Overcoming Life’s Challenges – Blessings in Disguise

Inside: Do you dread dealing with any type of challenge? Most of us do. The good news is that overcoming life’s challenges can be a blessing in disguise…

We want life to be easy, but it seems that challenges continuously work to stop our efforts and limit the quality of our lives (and that of our kids). The good news is that challenges don’t have to be the vile thing you think they are.

Challenges can actually be a blessing…

I know what you’re thinking… Say what? How?

When we’re in the midst of one of life’s challenges, we often just want to find the quickest path out. I’m sure we all had our share of challenges in the Pandemic of 2020.

But, here’s the thing…

Challenges are often the path to great success and achievement. The challenge isn’t really a roadblock. It’s an opportunity.

This applies whether you’re:

  • frustrated with your job
  • feeling like you’re floundering as a parent
  • trying to help your child have faith in themselves
  • irritated that nothing seems to be going the right direction

If there’s one characteristic found in all successful people, it’s the ability to persevere and overcome challenges. Those that struggle with life invariably give up far too quickly.

And this very much relates to our kids too.

Overcoming life’s challenges requires three things:


♥ It begins with the ability to perceive the situation accurately.

This requires having a true understanding of how the world works. It’s important to be free of emotional distress and to maintain your composure. Excess emotion clouds perception and can hinder your ability to take action.


♥ Act intelligently.

With an accurate perception, you have the ability to take appropriate action. All of us take actions every day.

Even lying on the couch and watching television is a course of action. However, few of us take intelligent action. Intelligent action consists of actions that are most likely to lead to success.


♥ Accept and persevere.

Creating opportunities from life’s challenges requires will. When placed in a situation with multiple challenges and little hope, do you continue or do you give up?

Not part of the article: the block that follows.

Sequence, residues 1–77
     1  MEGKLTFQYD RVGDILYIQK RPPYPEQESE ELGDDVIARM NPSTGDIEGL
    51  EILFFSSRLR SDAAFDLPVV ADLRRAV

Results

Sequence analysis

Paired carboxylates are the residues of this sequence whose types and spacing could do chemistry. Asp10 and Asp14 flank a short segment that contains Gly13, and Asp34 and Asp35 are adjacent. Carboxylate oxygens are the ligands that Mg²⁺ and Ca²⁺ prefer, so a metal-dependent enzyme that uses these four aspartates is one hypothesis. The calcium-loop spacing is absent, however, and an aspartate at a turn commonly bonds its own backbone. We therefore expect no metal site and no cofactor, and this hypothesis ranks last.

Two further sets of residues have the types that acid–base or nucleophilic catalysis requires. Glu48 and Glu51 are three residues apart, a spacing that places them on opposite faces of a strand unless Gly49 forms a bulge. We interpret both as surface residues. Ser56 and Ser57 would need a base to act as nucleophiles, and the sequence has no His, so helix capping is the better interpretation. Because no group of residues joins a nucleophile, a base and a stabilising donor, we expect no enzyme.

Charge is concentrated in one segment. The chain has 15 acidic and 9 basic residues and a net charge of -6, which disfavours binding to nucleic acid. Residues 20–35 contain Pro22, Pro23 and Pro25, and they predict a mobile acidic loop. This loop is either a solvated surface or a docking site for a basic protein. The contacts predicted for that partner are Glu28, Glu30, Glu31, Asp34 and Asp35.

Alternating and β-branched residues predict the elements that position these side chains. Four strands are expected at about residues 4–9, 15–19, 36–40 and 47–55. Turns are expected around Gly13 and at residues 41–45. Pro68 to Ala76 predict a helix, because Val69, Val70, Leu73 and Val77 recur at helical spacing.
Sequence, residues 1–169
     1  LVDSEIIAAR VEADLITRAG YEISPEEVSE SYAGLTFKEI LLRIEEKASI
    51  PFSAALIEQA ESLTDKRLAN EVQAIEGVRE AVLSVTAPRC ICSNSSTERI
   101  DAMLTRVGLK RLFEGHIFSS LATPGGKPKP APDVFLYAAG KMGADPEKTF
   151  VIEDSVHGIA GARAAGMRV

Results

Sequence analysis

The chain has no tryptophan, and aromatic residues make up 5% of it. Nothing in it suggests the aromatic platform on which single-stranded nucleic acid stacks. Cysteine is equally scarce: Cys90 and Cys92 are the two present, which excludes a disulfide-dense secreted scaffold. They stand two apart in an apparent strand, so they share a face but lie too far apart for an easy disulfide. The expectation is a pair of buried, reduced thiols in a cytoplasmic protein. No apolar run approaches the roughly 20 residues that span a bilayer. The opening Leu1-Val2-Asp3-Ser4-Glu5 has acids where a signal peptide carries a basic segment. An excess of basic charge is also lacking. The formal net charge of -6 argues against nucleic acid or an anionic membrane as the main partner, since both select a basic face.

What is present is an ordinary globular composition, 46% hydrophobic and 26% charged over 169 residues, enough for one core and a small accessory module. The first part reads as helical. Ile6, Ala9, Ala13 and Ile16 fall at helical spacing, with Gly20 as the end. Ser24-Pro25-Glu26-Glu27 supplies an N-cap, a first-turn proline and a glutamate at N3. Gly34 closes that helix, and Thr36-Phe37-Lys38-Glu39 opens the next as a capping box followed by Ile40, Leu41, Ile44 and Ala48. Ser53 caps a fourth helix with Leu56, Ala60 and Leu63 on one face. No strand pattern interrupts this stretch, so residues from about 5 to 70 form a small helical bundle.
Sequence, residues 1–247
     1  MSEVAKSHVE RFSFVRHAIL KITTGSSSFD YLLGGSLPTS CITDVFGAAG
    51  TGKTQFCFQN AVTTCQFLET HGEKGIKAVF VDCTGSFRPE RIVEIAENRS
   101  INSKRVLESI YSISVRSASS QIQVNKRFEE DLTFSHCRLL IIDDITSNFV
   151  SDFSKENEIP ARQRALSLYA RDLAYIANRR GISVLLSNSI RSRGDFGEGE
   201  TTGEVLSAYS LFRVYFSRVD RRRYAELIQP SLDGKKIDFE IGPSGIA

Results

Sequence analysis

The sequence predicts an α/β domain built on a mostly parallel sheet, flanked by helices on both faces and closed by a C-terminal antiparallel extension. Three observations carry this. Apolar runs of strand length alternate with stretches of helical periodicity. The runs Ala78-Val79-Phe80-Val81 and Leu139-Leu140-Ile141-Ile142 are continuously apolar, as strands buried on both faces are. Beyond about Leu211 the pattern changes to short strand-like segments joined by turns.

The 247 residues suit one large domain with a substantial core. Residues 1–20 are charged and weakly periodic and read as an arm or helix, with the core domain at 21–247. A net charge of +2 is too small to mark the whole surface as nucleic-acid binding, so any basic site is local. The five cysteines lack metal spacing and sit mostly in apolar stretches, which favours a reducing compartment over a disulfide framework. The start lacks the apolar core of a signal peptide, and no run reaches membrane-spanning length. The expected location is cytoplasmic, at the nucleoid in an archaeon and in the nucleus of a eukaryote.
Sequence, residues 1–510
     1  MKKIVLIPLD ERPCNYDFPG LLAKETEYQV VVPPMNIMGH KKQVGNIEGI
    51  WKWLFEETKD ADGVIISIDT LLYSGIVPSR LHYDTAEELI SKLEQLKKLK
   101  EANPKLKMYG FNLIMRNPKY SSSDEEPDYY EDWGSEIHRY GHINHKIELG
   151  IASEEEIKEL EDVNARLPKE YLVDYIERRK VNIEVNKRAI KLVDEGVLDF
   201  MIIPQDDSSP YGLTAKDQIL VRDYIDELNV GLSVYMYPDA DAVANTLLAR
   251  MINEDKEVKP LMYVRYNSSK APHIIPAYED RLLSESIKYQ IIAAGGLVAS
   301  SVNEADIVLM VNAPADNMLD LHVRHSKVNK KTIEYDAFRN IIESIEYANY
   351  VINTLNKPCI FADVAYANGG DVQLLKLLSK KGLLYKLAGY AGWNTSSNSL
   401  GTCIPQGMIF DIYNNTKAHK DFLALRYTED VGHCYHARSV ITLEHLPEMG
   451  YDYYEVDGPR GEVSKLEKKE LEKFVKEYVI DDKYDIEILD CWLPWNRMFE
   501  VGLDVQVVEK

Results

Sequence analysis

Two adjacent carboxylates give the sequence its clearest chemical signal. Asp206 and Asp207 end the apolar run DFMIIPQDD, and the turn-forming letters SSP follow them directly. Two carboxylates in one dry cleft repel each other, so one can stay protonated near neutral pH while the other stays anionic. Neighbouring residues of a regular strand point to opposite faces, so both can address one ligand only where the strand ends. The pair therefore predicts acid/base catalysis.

The ability to accept the situation makes intelligent action easier. When you lack acceptance, you’ll face too much emotional struggle to perceive accurately or to act intelligently.


“Life is a series of natural and spontaneous changes. Don’t
resist them – that only creates sorrow. Let reality be reality. Let things flow naturally forward in whatever way they like.”

– Lao Tzu


Here’s How to Begin Overcoming Life’s Challenges…


And you’ll find that when you are able to model overcoming life’s challenges, your kids will notice and be able to overcome their own life’s challenges as well.

Perception is how we view and understand the events happening around us. It also includes the interpretation of what those events mean.

Your perception can be a strength or a weakness. When you’re overly emotional and basing things off inner experience rather than fact, you create further challenges.

Did you know that all of our thoughts are clouded by inaccurate perceptions of past experiences, false beliefs, and fear?

Filtering out these mental challenges requires skill.

However, with practice, it’s possible to keep your emotions under control. With a clear mind, only the truth remains. When you see the truth, you’re starting from the perfect place.

Accuracy and unrealistic thinking are the opposite of each other. An accurate assessment of the situation and the ability to see the possibilities are the key.


“Life is one big road with lots of signs. So when you are riding through the ruts, don’t complicate your mind. Flee from hate, mischief and jealousy. Don’t bury your thoughts; put your vision to reality. Wake Up and Live!”

– Bob Marley


Maintain Your Composure


Challenges present themselves each and every day for us and our kids.